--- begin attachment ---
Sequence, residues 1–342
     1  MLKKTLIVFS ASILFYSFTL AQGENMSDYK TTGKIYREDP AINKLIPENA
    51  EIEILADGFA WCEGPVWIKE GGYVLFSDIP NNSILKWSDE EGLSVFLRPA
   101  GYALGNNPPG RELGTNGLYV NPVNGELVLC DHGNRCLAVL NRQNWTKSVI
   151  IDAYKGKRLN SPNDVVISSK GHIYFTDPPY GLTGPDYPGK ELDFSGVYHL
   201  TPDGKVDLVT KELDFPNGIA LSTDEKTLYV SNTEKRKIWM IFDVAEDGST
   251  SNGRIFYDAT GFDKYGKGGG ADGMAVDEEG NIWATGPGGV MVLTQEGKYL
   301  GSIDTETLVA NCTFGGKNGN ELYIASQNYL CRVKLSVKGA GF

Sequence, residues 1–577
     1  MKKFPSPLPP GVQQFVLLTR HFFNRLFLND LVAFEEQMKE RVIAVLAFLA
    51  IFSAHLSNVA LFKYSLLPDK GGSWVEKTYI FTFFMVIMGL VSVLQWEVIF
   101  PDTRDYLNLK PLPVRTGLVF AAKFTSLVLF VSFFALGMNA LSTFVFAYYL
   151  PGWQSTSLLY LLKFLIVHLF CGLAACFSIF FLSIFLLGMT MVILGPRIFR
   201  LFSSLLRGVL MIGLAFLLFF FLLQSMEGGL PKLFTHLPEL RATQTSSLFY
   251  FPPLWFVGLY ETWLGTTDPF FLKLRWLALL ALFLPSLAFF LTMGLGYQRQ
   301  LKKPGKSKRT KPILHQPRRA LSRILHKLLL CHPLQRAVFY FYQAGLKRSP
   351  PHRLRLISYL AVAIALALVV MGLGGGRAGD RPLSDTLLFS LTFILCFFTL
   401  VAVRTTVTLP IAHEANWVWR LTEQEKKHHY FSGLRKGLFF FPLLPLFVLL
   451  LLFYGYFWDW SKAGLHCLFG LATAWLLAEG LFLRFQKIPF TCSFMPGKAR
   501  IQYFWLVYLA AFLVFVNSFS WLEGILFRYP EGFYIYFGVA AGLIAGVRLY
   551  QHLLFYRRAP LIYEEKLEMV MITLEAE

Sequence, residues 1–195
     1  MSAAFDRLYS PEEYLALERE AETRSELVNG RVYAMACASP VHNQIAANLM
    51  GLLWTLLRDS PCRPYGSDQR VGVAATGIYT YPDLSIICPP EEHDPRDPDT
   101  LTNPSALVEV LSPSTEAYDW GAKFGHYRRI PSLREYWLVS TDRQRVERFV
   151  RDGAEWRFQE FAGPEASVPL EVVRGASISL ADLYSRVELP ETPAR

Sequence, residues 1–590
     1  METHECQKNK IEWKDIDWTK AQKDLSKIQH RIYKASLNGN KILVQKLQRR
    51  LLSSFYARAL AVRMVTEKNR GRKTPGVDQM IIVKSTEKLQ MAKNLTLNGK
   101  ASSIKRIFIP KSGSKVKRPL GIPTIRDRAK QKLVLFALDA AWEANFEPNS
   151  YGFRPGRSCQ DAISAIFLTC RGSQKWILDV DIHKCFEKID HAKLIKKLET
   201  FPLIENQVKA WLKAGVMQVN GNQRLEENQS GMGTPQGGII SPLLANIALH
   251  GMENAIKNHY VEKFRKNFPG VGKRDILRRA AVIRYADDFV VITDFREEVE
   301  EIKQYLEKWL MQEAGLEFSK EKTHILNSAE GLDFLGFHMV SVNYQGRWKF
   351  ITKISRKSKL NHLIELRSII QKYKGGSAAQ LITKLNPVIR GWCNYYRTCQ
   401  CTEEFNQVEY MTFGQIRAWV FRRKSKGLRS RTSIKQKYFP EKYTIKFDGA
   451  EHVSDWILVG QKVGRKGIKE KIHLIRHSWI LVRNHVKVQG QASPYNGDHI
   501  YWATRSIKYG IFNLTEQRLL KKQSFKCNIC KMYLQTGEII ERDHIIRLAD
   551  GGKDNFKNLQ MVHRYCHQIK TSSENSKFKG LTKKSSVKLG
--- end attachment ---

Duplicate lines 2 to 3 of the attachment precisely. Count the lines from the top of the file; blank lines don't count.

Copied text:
     1  MLKKTLIVFS ASILFYSFTL AQGENMSDYK TTGKIYREDP AINKLIPENA
    51  EIEILADGFA WCEGPVWIKE GGYVLFSDIP NNSILKWSDE EGLSVFLRPA